I don’t have a kill switch on this activity and it does occur to me that high humidity coupled with stress and cutting wood with an axe is enough to cause me to overheat. But work is what you do when you have to and exercise is what you do when you can, and I can.  The muscles all over my body get to come and play on this one. My back, my arms, my legs, and my cardio system are all getting blown out by this sort of work. It’s hard, grinding, hot work but this is what makes it what it is; I need the release. I need to find that place where exhaustion takes me down past emotion, past hope, past anger, and leaves nothing behind but the need to drink water and write.

This is as close as I get to having a religion.

I’m still mad. I’m mad at me because I don’t seem to get it. I don’t understand it. I’m not an easy person to be with and I know it but like Custer, I have to take an arrow through the heart before I realize something is amiss.  The whole damn thing about being with someone seems to slip past me like trying to do rocket surgery with an axe.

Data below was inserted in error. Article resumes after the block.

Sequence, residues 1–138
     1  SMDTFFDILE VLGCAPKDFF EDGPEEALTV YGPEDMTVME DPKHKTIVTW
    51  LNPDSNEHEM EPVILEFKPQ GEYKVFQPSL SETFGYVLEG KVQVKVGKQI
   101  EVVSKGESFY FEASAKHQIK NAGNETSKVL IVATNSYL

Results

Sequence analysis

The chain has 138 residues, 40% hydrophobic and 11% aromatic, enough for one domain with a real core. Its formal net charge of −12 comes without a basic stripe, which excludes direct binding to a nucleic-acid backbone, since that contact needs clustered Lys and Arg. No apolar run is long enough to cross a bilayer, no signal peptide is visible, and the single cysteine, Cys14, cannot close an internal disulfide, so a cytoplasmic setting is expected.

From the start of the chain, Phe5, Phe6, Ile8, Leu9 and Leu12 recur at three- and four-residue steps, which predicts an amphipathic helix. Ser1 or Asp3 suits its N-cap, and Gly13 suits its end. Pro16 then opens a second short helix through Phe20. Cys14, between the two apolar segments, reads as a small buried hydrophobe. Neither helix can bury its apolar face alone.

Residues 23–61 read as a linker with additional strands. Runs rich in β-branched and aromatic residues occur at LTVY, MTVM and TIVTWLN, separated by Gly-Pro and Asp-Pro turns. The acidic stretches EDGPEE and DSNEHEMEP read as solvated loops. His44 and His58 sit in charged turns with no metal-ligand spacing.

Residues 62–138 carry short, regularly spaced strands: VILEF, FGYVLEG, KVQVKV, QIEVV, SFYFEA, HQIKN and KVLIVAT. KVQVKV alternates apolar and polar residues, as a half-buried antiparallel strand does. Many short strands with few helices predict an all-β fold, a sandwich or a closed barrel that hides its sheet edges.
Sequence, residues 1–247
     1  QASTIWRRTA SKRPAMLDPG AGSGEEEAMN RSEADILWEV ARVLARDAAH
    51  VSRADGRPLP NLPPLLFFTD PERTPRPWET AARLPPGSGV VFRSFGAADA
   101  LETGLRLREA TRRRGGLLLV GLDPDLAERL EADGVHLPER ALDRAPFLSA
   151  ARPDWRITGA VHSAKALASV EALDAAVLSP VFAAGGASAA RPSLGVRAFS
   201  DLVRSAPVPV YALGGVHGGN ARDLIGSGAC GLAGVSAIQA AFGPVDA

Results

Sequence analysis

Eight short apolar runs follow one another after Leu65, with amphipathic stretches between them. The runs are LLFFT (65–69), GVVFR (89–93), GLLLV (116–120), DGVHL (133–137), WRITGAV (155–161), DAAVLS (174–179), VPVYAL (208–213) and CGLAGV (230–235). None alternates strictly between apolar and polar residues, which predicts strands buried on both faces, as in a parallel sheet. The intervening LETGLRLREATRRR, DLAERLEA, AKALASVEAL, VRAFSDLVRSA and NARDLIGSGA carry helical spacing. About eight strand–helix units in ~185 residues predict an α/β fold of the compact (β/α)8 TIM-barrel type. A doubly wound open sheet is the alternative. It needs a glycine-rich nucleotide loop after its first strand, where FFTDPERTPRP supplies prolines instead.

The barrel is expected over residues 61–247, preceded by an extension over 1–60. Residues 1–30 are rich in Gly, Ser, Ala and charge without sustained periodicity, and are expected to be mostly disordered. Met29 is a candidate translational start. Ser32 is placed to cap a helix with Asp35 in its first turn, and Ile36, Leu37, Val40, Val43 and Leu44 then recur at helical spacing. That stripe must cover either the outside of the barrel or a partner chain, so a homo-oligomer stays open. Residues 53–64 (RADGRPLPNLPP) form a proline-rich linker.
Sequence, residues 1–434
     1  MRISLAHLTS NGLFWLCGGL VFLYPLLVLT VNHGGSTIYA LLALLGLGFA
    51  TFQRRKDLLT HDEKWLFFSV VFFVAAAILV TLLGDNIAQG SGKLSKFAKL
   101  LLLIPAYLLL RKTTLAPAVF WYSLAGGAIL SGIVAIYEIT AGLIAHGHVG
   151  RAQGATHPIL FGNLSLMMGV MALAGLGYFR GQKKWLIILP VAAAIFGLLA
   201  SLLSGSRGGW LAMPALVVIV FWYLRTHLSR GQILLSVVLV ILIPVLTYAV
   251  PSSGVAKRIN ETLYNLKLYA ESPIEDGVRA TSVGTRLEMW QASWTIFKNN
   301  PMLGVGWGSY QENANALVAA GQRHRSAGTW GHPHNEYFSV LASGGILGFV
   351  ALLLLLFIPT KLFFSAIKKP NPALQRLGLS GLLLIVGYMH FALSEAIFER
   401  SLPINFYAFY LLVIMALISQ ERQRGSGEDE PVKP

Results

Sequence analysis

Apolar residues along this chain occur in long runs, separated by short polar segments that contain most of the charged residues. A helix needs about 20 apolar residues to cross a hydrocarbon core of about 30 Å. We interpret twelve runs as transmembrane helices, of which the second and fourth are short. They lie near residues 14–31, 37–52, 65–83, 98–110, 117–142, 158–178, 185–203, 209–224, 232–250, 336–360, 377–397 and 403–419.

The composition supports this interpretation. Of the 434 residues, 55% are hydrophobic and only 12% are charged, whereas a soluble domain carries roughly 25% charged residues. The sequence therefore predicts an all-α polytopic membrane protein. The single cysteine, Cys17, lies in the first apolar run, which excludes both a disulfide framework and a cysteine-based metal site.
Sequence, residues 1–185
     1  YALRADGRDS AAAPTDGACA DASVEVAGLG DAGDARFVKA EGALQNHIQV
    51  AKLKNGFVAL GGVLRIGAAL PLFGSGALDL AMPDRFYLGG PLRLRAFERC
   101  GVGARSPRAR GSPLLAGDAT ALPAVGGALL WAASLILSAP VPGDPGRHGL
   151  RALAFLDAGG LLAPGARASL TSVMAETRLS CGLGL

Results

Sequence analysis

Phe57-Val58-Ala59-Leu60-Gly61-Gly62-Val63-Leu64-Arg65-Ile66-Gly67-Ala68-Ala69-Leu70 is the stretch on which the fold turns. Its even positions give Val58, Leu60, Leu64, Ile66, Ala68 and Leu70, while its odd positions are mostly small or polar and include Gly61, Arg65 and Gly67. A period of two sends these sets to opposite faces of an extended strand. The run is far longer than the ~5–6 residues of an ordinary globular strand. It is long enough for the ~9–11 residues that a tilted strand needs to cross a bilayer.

As soon as things dry out there will be a fire. And as always, I’ll find myself smitten by some woman with a good smile and a nice conversation and I’ll lead a Cavalry charge into the iceberg once again.

But right now, I need the clarity of my religion.

Take Care,


Tuesday, July 2, 2013

A Dozen Years Of Dog. Happy Rescue Day Sam!

After twelve years nearly everyone who knows me knows the story of Sam. It begins “Sam, Sam, the Happy Hound was almost dead when he was found.” But Sam wasn’t very happy when Bert found him in the woods and it would be a while before anyone thought he would live. “Death Camp Dog” is how a friend of mine described him and this was a week after Sam had been taken in and fed every day.  Sam went from thirteen pounds to twenty-eight pounds in two weeks. Oh, and the thirteen was after three days of getting three meals a day. Sam was a wreck.